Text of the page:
Recently Qualys extended the cross-site scripting (XSS) detection capabilities of Qualys Web Application Scanning (WAS) by adding a new mechanism for detecting DOM based XSS (DOM XSS) vulnerabilities. The new mechanism works in an automated manner with no special setup or knowledge requirements, enabling security teams to greatly reduce the risk from these typically hard-to-detect vulnerabilities. Because of the technique Qualys WAS uses, it also indicates the location in your code of any XSS bugs found, which is pretty convenient for your development teams.
Adopting third-party libraries to encode user input in the development phase and using a web application firewall in the deployment phase could fool web security managers into thinking their web applications are completely safe from Cross-Site Scripting (XSS) attacks. While it’s a good idea to employ these techniques, the illusion of safety could prove costly. These protection methods do not guarantee that your web applications are 100% free of XSS vulnerabilities, and XSS attacks that use more sophisticated techniques still occur, so care should still be taken.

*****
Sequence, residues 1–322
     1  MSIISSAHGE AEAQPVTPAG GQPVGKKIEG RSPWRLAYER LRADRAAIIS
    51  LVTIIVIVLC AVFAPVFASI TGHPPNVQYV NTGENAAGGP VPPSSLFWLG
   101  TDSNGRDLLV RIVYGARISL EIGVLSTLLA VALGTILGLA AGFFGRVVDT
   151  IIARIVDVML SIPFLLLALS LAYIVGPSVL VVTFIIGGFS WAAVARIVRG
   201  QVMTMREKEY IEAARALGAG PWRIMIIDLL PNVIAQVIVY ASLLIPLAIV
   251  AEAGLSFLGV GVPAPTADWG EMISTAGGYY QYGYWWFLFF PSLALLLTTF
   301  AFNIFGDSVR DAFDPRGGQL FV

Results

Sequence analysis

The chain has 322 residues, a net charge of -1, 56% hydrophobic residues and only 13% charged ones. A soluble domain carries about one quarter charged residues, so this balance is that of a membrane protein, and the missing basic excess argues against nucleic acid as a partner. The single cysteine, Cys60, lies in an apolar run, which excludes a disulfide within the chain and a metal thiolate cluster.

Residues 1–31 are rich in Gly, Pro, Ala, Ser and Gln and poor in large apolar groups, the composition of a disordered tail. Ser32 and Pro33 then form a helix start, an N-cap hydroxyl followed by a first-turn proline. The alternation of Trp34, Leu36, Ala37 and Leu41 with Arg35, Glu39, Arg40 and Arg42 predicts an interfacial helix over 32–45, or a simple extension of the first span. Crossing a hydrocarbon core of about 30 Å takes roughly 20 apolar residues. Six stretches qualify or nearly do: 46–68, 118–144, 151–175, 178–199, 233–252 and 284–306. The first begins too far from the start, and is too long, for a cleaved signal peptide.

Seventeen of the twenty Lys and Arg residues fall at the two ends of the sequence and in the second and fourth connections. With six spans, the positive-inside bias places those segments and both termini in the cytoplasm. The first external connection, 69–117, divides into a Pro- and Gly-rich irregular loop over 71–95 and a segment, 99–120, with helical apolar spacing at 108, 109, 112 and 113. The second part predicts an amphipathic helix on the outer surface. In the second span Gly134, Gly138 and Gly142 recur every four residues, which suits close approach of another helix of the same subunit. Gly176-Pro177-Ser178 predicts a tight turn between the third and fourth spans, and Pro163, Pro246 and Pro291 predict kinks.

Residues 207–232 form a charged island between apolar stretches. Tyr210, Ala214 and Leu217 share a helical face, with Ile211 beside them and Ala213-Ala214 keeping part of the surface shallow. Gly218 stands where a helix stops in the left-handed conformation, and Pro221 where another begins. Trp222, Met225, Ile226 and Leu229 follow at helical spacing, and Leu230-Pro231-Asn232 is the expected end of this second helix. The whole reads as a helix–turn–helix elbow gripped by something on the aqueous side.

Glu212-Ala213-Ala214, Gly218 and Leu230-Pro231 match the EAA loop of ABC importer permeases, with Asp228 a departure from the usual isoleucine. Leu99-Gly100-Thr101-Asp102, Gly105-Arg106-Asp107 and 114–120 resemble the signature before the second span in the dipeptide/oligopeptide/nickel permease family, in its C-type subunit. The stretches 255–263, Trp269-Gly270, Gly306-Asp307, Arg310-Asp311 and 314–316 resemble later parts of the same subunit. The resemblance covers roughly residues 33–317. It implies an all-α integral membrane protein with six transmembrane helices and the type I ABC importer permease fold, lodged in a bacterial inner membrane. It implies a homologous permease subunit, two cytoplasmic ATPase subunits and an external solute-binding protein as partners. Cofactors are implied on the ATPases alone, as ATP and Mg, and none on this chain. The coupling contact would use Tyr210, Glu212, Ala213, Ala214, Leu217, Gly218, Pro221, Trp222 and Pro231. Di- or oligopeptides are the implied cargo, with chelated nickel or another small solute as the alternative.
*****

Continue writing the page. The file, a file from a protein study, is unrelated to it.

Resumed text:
Would you buy a cellphone with a hardcoded password? Definitely not. I wouldn’t either.
But as is sometimes the case with non-mass-market devices, security can be overlooked in favor of convenience, even if in retrospect it’s clearly a mistake to do so. Fortunately, this story has a happy ending, thanks to responsible disclosure and quick vendor response.
On April 21, WordPress issued a critical security release and “strongly encouraged” their customers to update their webites “immediately.” In general, the use of these alarming terms is symptomatic of a significant threat. And it is indeed.
WordPress is so overwhelming the CMS market that nearly 50% of all websites are based on it. This recent security release fixes multiple vulnerabilities so important that an attacker may be able to obtain administrator access on any of those millions of websites. The most sensitive vulnerability is targeting WordPress version 4.1.1 and earlier.
Cross-site scripting (XSS) and cross-site request forgery (CSRF) have been well-known attack vectors for a long time. In my previous articles, I describe how XSS vulnerabilities can be used to attack popular open source web applications and application frameworks, and how some web applications are compromised by CSRF attacks because of implementation flaws on the server side.